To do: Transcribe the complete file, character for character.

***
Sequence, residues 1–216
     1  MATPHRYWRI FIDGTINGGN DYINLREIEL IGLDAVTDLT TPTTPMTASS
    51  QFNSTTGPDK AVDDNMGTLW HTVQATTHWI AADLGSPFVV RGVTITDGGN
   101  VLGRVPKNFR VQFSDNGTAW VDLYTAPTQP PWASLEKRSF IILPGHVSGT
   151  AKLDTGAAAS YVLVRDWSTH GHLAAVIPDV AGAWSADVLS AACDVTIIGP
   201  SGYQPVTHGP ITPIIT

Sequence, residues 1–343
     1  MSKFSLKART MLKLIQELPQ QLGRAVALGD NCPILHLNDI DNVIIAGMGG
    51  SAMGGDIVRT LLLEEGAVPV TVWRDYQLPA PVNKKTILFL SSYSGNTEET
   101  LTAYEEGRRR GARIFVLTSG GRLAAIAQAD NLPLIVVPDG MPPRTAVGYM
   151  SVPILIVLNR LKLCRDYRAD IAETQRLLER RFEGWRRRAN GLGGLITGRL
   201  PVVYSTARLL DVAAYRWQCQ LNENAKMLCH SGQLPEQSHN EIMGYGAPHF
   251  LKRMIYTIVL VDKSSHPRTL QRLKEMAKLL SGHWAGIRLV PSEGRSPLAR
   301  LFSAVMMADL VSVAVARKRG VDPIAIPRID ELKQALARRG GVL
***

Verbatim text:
Sequence, residues 1–216
     1  MATPHRYWRI FIDGTINGGN DYINLREIEL IGLDAVTDLT TPTTPMTASS
    51  QFNSTTGPDK AVDDNMGTLW HTVQATTHWI AADLGSPFVV RGVTITDGGN
   101  VLGRVPKNFR VQFSDNGTAW VDLYTAPTQP PWASLEKRSF IILPGHVSGT
   151  AKLDTGAAAS YVLVRDWSTH GHLAAVIPDV AGAWSADVLS AACDVTIIGP
   201  SGYQPVTHGP ITPIIT

Sequence, residues 1–343
     1  MSKFSLKART MLKLIQELPQ QLGRAVALGD NCPILHLNDI DNVIIAGMGG
    51  SAMGGDIVRT LLLEEGAVPV TVWRDYQLPA PVNKKTILFL SSYSGNTEET
   101  LTAYEEGRRR GARIFVLTSG GRLAAIAQAD NLPLIVVPDG MPPRTAVGYM
   151  SVPILIVLNR LKLCRDYRAD IAETQRLLER RFEGWRRRAN GLGGLITGRL
   201  PVVYSTARLL DVAAYRWQCQ LNENAKMLCH SGQLPEQSHN EIMGYGAPHF
   251  LKRMIYTIVL VDKSSHPRTL QRLKEMAKLL SGHWAGIRLV PSEGRSPLAR
   301  LFSAVMMADL VSVAVARKRG VDPIAIPRID ELKQALARRG GVL